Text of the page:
Since the beginning, Gothic stories have used familiar building blocks. There’s the big grim house, full of many generations of family secrets; the legacy of the past as a menacing villain in itself; an outsider, usually a woman, who arrives and disturbs the status quo and uncovers buried horrors like silt stirred at the bottom of a lake. A transgressive theme is often at work–warnings about a forbidden wing of the house, locked chests, sealed-off rooms, buried histories don’t deter the lead. When told not to intrude, they persist. A basic drive for survival and escape are also among the strongest story beats.
These themes are visible in the current era of Gothic fiction, re-examined or transformed. Let’s take a journey into three recent, modern Gothic horror novels.
Mexican Gothic by Silvia Moreno-Garcia follows Noemí Taboada, a young Mexican woman in the 1950s who travels to the remote estate High Place out of concern her ailing cousin Catalina. Rugged, romantic, remote landscapes often play a role in Gothic stories, and High Place is surrounded by forests and ravines, rivers and mountains. The mansion is near a small town, of course, and the fortunes of the English family Catalina married into comes from the nearby silver mines.
The house itself is a character, shot through with flourishes of decaying wealth and a sense of neglect. Catalina, who is suffering from a mysterious illness, describes it to Noemí as “sick with rot.”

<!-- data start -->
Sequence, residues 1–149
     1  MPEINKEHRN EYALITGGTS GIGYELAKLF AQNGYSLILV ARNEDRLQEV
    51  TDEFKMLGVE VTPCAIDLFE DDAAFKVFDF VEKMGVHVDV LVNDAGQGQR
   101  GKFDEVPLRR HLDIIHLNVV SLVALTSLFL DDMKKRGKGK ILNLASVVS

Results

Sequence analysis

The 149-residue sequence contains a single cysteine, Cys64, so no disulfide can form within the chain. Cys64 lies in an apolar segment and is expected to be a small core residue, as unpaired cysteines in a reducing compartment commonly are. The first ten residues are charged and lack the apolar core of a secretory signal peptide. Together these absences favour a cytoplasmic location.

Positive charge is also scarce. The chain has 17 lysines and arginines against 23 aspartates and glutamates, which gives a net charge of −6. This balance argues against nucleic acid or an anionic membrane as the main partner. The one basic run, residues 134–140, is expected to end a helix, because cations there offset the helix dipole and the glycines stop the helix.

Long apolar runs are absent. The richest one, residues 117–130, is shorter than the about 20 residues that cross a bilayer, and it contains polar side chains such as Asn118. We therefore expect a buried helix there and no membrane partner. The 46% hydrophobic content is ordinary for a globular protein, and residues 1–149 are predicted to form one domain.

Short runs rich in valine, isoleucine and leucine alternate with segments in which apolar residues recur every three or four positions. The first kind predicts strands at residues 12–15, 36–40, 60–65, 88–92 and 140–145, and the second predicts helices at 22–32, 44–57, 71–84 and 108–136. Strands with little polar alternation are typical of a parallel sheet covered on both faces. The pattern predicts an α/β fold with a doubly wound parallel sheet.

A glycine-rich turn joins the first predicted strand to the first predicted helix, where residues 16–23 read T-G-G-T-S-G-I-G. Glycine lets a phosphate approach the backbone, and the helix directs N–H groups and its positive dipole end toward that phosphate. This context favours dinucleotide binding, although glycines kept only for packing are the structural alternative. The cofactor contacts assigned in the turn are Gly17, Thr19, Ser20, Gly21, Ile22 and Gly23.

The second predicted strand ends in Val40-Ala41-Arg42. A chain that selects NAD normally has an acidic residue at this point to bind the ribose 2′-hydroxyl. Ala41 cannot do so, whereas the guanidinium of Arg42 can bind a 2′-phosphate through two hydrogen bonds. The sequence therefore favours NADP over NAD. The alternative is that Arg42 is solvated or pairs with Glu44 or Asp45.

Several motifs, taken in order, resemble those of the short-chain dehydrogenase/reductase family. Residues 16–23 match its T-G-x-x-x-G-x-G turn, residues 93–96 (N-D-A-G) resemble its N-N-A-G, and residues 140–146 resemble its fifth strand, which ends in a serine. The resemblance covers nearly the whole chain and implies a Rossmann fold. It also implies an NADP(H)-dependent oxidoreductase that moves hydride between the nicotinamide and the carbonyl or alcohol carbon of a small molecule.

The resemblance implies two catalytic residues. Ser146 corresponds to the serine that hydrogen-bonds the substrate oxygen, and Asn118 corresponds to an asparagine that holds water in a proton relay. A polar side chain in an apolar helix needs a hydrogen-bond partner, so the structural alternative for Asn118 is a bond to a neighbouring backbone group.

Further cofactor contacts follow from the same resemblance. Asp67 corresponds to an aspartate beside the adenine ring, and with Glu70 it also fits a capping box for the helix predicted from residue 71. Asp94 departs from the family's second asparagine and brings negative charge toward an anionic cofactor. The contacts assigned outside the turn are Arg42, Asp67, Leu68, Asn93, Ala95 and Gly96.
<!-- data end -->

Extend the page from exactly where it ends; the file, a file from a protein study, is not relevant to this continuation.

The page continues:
Noemí notes that High Place, built to evoke English great houses, looms “like a great quiet gargoyle” but also that it seems “tired.” Dampness and mold, including mushrooms, are recurring motifs.
A rebellious young woman from a wealthy family, Noemí seeks a higher education (frowned upon for women in that time period), drives a convertible, and is socially adept, yet her life at home has been restricted by her father’s rules. At High Place, her quest for freedom falls under attack in a different way, from another patriarchal household, as she faces off against the secrets guarded by multiple generations of the Doyle family.
Horrific and beautiful imagery (sometimes at the same time) pervades the novel, in the descriptions of the house, landscape, and Noemí’s nightmares. That highlights the slowly deepening sense of horror as Noemí gets closer and closer to the truth about High Place. The longer she’s there, the more it gets under her skin–and into her head.
Generational trauma and layers upon layers of power dynamics are at work as the stakes keep rising and Noemí utilizes what power she has in order to save others and herself.
Abigale Hall by Lauren A. Forry, like Mexican Gothic, also takes us back to the middle of the 20th century, this time in a bleak post-WWII London trying to recover from the Blitz. Eliza and her younger sister Rebecca, traumatized and orphaned by the bombings, work to carve out something like a life. Eliza works as a theater usher, looks after her sister, and has a boyfriend, Peter.
When the sisters get handed over by their aunt to be servants in a big house in the countryside, the slightly post-apocalyptic tone turns fully Gothic.
The classic aspects are there–a menacing and dour housekeeper, a massive decaying house, a family fortune made from mines (this time, coal instead of silver). As is fitting for the genre, and like High Place in Mexican Gothic, Thornecroft has an atmosphere of neglect and decay. Its owner Mr. Brownawell is the ailing family patriarch. Unlike the full household in Mexican Gothic, he is all that’s left.